By Kristin Stratman
Attendees worked on laptops, drawing maps of their communities with the online program DistrictR. As people drew their maps, they included details about some of the assets and issues they see in their neighborhoods.
Researchers at The Ohio State University’s Kerwan Institute will aggregate and analyze the information in order to generate sample district maps. Then they’ll submit the maps to the Ohio Redistricting Commission before it votes on new congressional and state legislative district maps later this year.
Jeniece Brock is the Policy & Advocacy Director for the Ohio Organizing Collaborative. At the event, she said community members need to be involved in their state’s mapmaking process for the maps to be fair.
“A lot of times folks are left out of the process whether they’re missed because they’re not counted in the census or maybe they don’t feel like they’ve been represented when the lines have been drawn in the past," said Brock, "We’re hoping to make sure that people’s voices are heard and that they have a seat at the table.”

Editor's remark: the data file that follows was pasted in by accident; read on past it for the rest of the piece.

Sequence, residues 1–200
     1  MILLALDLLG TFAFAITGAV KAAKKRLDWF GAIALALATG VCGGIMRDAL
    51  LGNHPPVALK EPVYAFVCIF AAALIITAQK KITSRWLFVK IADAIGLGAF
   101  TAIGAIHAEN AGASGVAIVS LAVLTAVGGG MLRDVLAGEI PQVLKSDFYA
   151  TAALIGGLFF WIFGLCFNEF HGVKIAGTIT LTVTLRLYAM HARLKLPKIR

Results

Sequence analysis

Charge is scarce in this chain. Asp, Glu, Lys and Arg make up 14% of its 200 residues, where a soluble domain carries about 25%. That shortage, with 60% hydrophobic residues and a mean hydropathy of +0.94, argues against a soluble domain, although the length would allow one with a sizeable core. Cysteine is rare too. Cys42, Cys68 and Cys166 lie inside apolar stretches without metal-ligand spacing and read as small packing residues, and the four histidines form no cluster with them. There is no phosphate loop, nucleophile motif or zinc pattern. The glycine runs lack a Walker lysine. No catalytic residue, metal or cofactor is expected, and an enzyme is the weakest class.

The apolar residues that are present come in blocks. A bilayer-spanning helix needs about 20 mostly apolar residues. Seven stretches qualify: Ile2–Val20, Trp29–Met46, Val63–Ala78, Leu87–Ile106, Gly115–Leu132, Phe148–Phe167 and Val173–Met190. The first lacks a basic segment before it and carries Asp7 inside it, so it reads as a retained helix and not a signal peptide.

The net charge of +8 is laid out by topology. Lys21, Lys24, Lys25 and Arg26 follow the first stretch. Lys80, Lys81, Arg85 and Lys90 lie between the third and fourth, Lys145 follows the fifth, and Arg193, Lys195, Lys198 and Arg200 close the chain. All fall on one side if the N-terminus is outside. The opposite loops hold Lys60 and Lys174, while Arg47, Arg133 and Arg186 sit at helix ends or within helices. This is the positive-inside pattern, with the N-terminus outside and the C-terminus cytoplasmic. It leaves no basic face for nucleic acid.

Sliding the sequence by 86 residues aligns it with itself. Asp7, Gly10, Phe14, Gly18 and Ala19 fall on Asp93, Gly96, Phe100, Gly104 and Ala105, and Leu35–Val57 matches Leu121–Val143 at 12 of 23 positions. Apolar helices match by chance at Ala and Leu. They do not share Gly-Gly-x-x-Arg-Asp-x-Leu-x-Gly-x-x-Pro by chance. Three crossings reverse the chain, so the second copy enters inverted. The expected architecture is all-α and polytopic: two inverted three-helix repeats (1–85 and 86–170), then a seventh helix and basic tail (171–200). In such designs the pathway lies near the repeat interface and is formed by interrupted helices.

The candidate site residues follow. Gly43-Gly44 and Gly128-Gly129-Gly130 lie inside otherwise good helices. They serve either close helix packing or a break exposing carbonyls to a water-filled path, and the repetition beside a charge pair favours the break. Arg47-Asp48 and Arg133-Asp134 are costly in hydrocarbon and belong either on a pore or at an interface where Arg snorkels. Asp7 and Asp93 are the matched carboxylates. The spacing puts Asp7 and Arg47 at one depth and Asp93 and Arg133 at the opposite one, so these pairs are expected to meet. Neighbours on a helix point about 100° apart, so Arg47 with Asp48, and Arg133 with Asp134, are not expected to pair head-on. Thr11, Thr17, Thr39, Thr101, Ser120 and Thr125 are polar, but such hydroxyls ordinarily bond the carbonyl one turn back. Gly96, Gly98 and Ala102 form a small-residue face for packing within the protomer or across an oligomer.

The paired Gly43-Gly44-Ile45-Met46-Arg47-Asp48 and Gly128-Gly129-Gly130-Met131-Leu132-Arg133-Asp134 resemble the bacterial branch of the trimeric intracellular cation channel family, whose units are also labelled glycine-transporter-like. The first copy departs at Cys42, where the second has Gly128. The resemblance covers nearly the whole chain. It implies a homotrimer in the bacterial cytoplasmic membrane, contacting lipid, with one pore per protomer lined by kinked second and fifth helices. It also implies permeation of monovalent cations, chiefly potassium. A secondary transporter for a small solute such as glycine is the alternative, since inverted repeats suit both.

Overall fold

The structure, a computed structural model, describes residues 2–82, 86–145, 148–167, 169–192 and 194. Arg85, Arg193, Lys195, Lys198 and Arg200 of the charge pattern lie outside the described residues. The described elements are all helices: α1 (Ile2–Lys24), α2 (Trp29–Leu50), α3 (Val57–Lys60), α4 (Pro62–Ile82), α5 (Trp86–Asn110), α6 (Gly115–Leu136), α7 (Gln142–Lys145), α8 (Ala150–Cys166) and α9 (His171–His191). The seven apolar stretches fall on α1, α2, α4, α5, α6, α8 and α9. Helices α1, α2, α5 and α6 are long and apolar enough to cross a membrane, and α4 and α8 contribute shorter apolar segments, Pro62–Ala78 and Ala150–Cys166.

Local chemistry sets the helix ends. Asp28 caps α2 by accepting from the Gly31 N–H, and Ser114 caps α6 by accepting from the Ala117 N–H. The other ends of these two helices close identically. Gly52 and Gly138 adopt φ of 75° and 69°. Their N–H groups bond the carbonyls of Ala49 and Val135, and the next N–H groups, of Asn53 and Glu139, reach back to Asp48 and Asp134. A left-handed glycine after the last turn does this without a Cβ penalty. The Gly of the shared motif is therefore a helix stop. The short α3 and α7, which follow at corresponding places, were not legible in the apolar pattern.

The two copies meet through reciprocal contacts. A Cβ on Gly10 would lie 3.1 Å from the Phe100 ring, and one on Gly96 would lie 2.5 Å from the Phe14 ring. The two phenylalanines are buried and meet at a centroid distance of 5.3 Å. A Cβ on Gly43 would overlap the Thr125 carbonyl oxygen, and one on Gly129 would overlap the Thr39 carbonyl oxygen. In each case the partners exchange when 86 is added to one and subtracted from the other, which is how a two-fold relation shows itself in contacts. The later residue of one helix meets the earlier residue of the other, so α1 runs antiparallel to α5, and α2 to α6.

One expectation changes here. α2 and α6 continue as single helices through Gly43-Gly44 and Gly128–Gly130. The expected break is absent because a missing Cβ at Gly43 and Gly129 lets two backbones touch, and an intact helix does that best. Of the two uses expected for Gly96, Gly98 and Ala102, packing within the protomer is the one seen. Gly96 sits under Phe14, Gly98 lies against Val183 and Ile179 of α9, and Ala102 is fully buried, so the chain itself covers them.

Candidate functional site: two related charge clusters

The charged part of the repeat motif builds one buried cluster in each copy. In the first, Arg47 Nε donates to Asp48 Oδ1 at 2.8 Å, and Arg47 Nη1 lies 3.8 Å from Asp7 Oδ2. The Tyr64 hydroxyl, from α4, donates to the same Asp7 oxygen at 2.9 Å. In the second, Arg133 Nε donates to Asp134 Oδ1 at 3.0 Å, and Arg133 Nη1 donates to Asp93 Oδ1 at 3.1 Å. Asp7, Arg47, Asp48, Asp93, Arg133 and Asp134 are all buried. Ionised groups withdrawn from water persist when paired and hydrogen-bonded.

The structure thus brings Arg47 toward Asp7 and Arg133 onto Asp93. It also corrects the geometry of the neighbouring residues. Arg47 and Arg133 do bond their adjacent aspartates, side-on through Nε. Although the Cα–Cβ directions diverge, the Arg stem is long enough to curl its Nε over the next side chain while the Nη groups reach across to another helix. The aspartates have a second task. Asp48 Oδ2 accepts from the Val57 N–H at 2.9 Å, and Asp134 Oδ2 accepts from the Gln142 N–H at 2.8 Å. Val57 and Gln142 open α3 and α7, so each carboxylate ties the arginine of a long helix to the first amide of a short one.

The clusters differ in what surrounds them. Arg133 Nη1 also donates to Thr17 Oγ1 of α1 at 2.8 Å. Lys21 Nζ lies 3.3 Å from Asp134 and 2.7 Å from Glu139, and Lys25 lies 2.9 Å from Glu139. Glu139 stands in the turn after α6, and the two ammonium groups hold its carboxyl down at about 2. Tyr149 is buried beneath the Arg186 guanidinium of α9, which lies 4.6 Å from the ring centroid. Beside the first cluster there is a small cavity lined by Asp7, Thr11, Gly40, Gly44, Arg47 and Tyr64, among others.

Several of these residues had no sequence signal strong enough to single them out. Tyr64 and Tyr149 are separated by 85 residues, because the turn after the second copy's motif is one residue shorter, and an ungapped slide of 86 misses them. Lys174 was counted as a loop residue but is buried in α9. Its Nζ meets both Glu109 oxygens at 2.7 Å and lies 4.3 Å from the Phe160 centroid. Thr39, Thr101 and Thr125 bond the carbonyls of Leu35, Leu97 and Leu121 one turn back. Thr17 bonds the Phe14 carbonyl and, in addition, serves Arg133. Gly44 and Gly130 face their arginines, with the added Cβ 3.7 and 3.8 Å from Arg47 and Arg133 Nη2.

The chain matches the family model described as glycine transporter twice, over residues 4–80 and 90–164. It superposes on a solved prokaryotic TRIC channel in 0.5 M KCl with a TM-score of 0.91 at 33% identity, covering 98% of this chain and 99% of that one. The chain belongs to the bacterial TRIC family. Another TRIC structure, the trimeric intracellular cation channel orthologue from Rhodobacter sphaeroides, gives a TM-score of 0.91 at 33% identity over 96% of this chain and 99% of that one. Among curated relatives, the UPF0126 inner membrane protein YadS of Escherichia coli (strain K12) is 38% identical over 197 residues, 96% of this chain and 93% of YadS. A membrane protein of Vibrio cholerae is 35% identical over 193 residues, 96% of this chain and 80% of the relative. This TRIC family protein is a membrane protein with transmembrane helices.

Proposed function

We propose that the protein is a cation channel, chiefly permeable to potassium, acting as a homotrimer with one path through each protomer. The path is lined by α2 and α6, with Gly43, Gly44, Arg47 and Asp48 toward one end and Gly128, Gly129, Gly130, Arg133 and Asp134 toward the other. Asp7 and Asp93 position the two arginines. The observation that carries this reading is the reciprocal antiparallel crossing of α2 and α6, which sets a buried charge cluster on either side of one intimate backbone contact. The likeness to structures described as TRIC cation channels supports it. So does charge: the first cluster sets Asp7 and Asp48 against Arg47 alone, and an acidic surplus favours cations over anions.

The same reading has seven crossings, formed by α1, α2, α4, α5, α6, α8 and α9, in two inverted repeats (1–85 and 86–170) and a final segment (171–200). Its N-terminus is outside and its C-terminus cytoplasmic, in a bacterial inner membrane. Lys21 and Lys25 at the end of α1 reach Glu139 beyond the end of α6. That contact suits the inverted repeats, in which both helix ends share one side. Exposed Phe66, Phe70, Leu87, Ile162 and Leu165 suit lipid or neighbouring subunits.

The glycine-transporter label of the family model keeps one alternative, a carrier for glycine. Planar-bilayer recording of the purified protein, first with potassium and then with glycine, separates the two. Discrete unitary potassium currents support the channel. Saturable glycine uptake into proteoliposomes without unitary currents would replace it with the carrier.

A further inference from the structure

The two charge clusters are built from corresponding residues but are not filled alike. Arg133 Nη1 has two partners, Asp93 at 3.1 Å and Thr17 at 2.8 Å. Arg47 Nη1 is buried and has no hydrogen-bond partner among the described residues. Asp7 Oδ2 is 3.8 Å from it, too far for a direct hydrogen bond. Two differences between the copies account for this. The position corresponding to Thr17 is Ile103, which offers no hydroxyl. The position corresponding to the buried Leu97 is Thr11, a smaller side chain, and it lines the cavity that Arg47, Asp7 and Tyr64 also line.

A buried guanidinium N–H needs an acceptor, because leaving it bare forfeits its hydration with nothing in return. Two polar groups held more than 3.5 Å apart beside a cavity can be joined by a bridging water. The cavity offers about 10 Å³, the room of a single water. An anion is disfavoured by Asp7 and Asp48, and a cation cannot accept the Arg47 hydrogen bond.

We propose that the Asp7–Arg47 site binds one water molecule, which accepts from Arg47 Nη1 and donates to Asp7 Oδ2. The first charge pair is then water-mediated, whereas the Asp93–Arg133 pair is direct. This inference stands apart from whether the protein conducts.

Dan Dusa came to the event with his wife. Together, they drew maps of their community in Greenhills, Ohio. Dusa says gerrymandered legislative maps in the past have left him feeling like he wasn’t being represented fairly in his district.
“It’s so overly partisan that it’s, it's undemocratic," said Dusa, "I would just like it to be a little more representative of the actual community instead of just a partisan puzzle.”
Rashida Manuel, the Director of Public Engagement at Green Umbrella, says unfair districts can lead to environmental injustices as certain groups are exposed to higher levels of pollution and the impacts of climate change. She says this can lead to higher rates of health disparities like asthma and diabetes.
"The thing is that folks know that they’re experiencing all of these things but they’re not necessarily tying it to environmental degradation and climate change," said Manuel, "And if we want to start to address those issues we need to make sure that their voices and their votes count.”
So far, almost 2,000 Ohioans have created community maps across the state.